I gave Ubuntu Linux a quick run. I grabbed the 7.10 iso, burned it to a CD and rebooted my laptop. Sweet and easy. I’d heard Ubuntu was pretty good with laptops, which is why I wanted to check out this Linux distribution.
Overall, the OS looks great and the applications matched well with what you would expect an OS to have: office suite, media player, imaging, browser, etc. However, I really couldn’t try out the features I wanted because I didn’t actually install it. Seems my wireless card needs a driver that Ubuntu wouldn’t let me load. I also seem to need to load ATI’s drivers to get the 3D card features, that GNOME wasn’t pleased that they weren’t there already. Unfortunately, it wanted to hit the Internet to pull the drivers, which wasn’t happening without the wireless drivers.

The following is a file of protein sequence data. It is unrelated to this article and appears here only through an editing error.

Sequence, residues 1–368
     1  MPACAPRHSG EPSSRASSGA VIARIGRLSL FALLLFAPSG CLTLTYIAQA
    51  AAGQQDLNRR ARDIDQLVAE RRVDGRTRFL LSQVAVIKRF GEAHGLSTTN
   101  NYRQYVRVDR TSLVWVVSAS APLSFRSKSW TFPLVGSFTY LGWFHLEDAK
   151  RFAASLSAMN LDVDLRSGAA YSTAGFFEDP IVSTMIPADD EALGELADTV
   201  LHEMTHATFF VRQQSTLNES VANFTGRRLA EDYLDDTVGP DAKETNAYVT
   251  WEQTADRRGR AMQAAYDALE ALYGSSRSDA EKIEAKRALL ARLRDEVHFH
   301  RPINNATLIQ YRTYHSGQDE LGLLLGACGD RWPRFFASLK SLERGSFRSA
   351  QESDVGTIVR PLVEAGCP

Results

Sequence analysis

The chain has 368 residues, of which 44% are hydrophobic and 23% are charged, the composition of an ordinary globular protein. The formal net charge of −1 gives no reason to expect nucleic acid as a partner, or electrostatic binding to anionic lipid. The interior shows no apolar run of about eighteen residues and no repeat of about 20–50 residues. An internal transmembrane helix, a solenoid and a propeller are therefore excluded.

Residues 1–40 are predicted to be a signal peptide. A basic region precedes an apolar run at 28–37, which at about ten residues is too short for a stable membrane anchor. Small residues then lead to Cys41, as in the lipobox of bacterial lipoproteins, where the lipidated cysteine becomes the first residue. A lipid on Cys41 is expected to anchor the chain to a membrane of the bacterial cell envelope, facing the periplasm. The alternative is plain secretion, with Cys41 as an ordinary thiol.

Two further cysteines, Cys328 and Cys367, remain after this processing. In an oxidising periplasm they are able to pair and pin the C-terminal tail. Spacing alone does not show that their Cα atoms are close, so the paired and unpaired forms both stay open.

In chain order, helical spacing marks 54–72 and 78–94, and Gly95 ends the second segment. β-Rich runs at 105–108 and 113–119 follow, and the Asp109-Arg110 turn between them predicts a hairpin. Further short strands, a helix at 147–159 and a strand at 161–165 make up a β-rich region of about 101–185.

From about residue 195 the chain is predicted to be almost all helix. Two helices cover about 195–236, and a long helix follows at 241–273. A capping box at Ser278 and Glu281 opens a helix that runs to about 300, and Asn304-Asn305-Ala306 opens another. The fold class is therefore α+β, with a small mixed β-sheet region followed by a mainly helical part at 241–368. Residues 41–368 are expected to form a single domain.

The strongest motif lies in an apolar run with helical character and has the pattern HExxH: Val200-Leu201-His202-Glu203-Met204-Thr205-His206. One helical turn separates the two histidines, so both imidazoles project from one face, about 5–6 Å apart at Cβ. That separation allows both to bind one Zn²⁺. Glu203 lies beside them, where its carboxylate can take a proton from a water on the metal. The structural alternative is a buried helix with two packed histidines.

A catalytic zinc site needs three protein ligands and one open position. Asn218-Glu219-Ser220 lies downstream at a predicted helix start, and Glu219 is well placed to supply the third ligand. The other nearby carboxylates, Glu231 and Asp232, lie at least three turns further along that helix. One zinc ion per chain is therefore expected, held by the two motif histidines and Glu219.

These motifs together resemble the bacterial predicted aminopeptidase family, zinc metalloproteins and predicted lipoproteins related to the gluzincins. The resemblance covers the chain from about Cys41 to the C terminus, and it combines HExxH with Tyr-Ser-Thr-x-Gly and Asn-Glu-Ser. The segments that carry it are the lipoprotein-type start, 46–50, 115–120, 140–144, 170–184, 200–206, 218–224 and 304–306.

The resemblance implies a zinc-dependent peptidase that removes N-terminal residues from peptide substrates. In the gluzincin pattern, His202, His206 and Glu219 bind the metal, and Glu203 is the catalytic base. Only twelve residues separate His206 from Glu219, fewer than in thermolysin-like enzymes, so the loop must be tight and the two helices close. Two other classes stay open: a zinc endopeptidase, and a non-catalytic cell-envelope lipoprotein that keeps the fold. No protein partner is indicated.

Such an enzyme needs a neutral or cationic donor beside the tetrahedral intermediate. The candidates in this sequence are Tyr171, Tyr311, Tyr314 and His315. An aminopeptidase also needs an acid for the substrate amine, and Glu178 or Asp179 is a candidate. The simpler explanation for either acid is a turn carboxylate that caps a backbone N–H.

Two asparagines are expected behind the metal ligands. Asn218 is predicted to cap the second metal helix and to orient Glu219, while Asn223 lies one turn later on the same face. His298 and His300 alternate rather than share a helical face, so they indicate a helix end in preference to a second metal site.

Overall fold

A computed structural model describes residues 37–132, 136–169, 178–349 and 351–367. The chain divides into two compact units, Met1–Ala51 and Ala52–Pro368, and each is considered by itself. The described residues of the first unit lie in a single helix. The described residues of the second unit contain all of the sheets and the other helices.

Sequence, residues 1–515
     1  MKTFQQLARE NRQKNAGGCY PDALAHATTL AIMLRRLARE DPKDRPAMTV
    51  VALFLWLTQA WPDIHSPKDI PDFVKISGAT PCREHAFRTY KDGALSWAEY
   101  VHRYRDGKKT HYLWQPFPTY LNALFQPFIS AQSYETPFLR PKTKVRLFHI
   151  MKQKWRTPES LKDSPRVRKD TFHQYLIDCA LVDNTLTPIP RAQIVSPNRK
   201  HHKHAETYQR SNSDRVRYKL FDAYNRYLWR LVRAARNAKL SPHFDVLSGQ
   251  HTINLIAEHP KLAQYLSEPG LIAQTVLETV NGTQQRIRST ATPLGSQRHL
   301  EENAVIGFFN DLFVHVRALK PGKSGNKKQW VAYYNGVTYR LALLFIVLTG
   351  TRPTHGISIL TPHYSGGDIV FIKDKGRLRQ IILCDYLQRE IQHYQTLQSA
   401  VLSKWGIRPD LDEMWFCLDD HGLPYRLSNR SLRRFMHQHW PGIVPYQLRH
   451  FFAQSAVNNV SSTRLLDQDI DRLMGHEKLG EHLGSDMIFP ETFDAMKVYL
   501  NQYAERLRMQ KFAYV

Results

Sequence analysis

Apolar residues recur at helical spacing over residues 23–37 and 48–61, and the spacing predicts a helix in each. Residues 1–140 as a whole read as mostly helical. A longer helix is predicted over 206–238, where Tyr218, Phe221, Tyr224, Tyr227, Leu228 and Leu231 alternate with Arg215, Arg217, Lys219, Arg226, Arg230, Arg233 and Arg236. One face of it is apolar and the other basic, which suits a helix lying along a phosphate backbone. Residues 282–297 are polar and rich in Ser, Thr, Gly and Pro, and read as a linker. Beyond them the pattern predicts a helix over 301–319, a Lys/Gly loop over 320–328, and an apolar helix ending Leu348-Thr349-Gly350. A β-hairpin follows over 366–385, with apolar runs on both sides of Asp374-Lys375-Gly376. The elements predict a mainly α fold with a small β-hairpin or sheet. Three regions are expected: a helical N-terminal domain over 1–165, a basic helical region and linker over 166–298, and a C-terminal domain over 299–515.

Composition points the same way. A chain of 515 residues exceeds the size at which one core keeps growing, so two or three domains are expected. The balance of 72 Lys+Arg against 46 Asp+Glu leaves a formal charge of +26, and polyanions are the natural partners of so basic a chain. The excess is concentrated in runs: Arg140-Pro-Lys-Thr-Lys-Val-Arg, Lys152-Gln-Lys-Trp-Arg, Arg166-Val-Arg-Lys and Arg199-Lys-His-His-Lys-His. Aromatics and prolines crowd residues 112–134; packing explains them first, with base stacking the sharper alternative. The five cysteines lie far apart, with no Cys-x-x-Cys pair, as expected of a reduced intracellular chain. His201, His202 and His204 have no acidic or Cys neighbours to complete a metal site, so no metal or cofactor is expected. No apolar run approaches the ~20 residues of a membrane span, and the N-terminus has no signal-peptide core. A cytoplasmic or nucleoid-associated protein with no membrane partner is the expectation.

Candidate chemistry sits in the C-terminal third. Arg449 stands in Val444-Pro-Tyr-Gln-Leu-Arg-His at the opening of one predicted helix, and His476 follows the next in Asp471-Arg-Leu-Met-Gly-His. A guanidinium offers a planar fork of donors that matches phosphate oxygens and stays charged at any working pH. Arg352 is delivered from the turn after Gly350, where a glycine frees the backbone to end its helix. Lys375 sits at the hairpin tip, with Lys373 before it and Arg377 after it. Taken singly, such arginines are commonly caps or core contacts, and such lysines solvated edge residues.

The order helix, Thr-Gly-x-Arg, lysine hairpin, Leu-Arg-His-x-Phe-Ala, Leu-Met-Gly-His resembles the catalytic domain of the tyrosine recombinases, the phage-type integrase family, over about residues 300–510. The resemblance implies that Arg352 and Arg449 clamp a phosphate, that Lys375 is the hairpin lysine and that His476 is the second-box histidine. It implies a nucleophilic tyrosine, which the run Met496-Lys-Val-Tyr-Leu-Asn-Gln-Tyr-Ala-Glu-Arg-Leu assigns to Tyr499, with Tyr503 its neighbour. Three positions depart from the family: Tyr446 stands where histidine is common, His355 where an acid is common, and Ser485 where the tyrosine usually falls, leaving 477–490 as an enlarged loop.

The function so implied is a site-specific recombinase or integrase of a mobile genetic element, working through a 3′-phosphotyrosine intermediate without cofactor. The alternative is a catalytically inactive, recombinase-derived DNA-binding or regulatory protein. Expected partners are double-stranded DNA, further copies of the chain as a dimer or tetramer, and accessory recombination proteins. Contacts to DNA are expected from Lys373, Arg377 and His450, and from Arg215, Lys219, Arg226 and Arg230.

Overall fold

Problems aside, I found Ubuntu a very nice flavor of Linux. Spending a lot of my time in the Unix server world, most of my interaction with Unix is usually through CLI. However, with Ubuntu, it was more like Windows. There were GUI’s abound, menus and preferences, etc. I only loaded the terminal after about an hour of exploration. I even got my Compaq laptop’s easy access buttons to mostly work — the LED wouldn’t light if you mute the speakers. I also found the CPU utilization and cooling was much better. Ubuntu didn’t tend to spike my fan up as bad as Vista does.
In all a pretty good first impression. I’d still like to see the wireless work. I’d also like to experience more then basic interface features. Ubuntu has a lot going for it and it might, just might, be worth a real install. Or maybe I should just go buy a Mac.